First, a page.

Post Author: Bill Pratt
This has certainly been the traditional understanding since the beginning of Christianity. What evidence is there that Mark was recording events from Peter’s eyewitness perspective? In his book Cold-Case Christianity, J. Warner Wallace gives us 6 pieces of evidence to consider.
First, Wallace notes that Mark mentions Peter frequently. As an example, Wallace observes that “Mark referred to Peter twenty-six times in his short account, compared to Matthew, who mentioned Peter only three additional times in his much longer gospel.”
Second, Mark uses familiar terms to identify Peter. Wallace states:
Mark is the only writer who refused to use the term “Simon Peter” when describing Peter (he used either “Simon” or “Peter”). This may seem trivial, but it is important. Simon was the most popular male name in Palestine at the time of Mark’s writing, yet Mark made no attempt to distinguish the apostle Simon from the hundreds of other Simons known to his readers (John, by comparison, referred to Peter more formally as “Simon Peter” seventeen times). Mark consistently used the briefest, most familiar versions of Peter’s name.
Third, Mark uses Peter as a “set of bookends.” Wallace explains why this is significant:
Unlike in other gospel accounts, Peter is the first disciple identified in the text (Mark 1: 16) and the last disciple mentioned in the text (Mark 16: 7). Scholars describe this type of “bookending” as “inclusio” and have noticed it in other ancient texts where a piece of history is attributed to a particular eyewitness. In any case, Peter is prominent in Mark’s gospel as the first and last named disciple.
Fourth, Mark paid Peter the most respect of the Gospel writers. Wallace offers several pieces of evidence to prove the point.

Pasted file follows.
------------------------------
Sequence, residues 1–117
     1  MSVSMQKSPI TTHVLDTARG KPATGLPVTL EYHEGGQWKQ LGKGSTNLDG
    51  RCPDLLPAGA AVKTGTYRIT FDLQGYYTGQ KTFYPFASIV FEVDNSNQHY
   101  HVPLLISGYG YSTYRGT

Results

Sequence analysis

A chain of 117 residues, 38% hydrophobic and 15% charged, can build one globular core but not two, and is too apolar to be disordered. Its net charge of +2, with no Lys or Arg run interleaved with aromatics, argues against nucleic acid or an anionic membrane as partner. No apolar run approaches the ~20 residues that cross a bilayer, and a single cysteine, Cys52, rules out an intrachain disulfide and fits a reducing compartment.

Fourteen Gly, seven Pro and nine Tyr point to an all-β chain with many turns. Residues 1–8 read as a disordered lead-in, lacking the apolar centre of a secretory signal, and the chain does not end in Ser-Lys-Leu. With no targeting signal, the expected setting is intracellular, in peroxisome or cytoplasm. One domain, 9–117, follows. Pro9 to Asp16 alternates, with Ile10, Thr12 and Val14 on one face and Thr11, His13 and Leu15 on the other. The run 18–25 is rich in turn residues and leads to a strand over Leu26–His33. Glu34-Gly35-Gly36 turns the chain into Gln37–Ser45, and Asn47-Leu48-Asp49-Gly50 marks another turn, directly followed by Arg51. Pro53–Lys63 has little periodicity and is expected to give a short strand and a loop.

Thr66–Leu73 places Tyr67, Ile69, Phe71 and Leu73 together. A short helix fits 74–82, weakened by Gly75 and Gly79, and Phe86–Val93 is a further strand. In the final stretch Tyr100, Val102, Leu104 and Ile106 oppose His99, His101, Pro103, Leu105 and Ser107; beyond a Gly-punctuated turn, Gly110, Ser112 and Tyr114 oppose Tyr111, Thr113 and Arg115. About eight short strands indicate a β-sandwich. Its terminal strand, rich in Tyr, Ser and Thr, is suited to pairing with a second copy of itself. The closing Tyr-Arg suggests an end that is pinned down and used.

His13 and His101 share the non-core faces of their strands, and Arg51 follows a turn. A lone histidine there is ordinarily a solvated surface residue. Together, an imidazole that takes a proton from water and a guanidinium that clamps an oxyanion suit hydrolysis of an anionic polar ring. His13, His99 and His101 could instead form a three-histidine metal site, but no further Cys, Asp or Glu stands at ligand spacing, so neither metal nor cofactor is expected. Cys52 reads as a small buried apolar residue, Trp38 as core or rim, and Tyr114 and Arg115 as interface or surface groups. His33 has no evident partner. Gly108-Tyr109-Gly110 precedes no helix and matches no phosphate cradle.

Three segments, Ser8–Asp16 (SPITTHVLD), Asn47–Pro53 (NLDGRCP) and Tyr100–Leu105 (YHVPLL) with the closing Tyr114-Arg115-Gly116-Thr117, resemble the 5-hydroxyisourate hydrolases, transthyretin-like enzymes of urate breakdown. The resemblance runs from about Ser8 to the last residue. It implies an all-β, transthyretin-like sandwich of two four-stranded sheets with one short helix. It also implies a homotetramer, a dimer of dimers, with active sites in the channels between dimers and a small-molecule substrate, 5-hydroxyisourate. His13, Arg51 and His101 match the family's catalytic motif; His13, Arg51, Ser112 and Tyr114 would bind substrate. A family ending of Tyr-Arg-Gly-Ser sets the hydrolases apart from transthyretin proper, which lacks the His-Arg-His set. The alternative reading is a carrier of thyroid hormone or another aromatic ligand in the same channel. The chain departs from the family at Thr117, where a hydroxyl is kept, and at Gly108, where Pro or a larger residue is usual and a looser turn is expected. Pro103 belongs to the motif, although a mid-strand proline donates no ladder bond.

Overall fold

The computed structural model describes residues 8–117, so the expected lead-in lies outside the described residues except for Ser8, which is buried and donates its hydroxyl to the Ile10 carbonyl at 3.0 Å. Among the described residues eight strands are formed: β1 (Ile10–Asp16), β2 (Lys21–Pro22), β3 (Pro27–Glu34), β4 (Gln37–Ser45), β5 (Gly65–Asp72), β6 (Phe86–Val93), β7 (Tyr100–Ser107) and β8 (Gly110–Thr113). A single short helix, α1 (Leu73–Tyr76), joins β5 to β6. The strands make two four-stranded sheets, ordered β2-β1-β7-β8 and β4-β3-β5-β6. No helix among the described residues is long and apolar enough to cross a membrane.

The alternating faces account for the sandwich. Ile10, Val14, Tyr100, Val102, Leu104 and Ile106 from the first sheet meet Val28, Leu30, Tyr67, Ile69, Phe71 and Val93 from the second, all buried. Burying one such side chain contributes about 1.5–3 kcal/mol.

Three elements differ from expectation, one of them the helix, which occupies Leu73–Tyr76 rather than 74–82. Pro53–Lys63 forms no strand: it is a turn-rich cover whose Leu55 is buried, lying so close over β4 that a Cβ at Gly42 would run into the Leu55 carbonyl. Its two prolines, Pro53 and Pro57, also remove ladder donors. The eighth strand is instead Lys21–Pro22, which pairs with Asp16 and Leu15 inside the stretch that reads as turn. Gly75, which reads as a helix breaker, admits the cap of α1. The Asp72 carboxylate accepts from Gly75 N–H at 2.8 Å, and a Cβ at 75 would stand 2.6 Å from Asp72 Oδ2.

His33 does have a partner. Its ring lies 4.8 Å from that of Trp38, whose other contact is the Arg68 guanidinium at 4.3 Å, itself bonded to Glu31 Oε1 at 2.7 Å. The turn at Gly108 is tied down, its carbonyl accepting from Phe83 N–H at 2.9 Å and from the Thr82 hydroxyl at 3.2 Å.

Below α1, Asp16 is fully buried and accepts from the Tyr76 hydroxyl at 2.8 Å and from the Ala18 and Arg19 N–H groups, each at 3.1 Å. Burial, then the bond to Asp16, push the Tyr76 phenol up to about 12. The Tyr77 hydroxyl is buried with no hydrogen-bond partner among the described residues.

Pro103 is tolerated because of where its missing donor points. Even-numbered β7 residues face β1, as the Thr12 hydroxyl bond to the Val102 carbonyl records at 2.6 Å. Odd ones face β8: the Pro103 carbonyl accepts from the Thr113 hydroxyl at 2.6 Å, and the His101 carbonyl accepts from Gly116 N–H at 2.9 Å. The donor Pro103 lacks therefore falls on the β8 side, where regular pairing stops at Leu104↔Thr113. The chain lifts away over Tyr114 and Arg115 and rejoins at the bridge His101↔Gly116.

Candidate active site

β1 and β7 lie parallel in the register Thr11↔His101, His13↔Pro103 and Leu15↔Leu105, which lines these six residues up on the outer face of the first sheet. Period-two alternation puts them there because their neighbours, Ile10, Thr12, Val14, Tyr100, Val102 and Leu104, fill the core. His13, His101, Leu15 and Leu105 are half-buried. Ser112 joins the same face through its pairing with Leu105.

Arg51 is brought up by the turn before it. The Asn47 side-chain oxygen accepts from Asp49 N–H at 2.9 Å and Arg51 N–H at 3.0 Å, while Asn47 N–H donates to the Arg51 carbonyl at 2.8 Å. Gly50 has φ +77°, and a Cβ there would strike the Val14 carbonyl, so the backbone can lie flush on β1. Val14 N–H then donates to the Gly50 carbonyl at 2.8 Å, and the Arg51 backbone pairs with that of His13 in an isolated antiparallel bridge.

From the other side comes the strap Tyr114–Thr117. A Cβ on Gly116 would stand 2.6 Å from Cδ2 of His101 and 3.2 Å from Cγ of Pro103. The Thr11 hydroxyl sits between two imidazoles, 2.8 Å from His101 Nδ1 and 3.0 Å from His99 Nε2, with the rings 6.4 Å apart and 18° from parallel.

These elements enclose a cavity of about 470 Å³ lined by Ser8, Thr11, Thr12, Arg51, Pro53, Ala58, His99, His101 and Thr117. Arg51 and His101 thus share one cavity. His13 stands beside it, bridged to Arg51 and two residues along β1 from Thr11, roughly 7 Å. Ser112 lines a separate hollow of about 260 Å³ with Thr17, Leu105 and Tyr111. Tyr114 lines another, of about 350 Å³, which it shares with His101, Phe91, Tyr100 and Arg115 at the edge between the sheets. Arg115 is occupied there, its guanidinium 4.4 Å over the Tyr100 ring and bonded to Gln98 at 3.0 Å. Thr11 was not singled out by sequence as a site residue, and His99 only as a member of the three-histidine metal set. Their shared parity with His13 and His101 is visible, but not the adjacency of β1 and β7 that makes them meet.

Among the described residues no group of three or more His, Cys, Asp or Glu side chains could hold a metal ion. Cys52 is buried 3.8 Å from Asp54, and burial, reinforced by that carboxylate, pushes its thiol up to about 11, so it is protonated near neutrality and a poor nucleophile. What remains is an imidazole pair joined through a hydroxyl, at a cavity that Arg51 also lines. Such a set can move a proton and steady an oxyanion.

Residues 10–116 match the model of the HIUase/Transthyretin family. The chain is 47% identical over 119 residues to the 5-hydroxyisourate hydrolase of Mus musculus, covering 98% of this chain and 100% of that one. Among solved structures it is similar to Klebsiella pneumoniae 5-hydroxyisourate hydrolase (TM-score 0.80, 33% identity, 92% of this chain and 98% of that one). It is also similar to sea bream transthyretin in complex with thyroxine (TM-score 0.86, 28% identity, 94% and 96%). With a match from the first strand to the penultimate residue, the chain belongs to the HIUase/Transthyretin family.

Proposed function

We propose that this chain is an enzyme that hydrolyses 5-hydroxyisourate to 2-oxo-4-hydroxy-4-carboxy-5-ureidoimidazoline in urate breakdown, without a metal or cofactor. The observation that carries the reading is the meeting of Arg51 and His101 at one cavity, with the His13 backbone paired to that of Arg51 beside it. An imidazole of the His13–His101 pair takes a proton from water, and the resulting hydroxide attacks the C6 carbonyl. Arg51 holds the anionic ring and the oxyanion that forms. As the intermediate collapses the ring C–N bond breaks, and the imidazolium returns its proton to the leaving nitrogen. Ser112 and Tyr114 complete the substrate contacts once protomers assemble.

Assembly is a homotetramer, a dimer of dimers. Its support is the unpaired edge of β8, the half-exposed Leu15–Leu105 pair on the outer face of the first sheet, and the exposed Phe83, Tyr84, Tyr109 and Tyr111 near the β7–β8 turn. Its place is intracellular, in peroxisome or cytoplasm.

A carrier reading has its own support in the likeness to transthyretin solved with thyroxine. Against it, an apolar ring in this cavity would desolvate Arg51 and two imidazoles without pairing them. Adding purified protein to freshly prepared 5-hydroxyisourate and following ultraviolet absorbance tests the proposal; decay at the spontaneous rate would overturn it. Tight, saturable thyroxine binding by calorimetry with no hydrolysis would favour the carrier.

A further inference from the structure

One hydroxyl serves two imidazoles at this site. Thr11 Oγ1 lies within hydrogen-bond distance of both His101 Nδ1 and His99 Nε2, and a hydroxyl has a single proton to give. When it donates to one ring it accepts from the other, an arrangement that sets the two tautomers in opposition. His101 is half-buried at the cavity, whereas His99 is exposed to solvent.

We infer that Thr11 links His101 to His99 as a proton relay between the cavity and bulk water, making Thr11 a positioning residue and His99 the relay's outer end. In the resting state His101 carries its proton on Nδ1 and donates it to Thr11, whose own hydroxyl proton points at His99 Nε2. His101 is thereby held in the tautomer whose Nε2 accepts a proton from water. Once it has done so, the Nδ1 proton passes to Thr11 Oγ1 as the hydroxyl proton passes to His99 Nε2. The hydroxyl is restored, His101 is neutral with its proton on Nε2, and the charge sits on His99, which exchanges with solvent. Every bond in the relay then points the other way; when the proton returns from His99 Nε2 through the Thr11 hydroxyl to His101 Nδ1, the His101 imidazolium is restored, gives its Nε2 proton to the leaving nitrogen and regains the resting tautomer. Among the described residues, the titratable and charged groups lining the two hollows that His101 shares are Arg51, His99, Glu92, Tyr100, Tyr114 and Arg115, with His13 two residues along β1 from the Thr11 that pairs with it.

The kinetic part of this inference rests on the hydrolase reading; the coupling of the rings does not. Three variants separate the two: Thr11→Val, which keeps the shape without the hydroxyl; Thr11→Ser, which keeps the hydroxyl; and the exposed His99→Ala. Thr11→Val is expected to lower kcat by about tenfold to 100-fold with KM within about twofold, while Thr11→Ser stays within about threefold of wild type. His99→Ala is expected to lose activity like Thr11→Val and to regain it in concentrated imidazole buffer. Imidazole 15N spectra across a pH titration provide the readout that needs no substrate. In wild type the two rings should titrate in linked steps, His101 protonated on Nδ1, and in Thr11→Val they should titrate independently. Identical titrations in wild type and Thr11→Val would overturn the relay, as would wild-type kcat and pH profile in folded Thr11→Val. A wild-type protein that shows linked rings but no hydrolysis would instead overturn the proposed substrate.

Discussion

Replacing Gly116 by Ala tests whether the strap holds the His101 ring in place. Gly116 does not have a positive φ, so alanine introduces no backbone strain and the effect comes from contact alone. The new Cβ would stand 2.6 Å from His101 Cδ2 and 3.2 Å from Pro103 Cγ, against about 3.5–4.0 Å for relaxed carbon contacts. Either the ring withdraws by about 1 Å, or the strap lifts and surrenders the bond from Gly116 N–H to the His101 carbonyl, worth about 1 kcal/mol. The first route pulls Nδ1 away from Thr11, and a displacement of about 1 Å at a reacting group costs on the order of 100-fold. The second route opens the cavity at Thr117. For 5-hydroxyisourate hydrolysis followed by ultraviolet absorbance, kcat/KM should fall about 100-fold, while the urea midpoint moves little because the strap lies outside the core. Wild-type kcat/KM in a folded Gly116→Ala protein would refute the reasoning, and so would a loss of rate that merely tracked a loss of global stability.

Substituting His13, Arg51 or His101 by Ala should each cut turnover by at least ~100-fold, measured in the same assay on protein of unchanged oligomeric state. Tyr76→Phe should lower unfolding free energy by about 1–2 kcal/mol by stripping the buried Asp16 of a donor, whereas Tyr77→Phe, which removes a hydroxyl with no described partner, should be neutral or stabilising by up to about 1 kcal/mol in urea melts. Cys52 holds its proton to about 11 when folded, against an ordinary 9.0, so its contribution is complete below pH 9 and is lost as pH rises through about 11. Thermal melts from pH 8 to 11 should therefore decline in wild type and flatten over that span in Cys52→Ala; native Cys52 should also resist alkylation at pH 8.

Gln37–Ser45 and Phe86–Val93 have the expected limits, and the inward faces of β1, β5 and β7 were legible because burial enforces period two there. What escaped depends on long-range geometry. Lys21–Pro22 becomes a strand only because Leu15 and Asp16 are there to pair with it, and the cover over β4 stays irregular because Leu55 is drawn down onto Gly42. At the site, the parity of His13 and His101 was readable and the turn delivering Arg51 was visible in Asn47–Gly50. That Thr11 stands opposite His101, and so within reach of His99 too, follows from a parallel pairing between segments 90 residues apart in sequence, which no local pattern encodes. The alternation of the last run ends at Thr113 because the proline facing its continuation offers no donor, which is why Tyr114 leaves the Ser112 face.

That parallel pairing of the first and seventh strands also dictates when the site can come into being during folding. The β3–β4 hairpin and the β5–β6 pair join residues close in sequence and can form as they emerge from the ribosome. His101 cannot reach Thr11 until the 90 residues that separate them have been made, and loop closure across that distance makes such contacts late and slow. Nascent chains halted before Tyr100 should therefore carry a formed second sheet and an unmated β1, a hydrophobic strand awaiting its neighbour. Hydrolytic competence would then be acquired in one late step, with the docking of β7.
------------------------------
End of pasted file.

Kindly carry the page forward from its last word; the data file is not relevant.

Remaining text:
[Mark] repeatedly painted Peter in the kindest possible way, even when Peter made a fool of himself. Matthew’s gospel, for example, describes Jesus walking on water and Peter’s failed attempt to do the same (Matt. 14: 22– 33). In Matthew’s account, Peter began to sink into the sea; Jesus described him as a doubter and a man “of little faith.” Interestingly, Mark respectfully omitted Peter’s involvement altogether (Mark 6: 45– 52). In a similar way, Luke’s gospel includes a description of the “miraculous catch” of fish in which Peter was heard to doubt Jesus’s wisdom in trying to catch fish when Peter had been unsuccessful all day. After catching more fish than his nets could hold, Peter said, “Go away from me Lord, for I am a sinful man!” (Luke 5: 1– 11). Mark’s parallel account omits this episode completely (Mark 1: 16– 20).
While other gospels mention Peter directly as the source of some embarrassing statement or question, Mark’s gospel omits Peter’s name specifically and attributes the question or statement to “the disciples” or some other similarly unnamed member of the group. When Peter made a rash statement (like saying that Jesus’s death would never occur in Matthew 16: 21– 23), the most edited and least embarrassing version can be found in Mark’s account (Mark 8: 31– 33). Over and over again, Mark offered a version of the story that is kinder to Peter.
In part 2, we will look at the final two pieces of evidence that Wallace offers.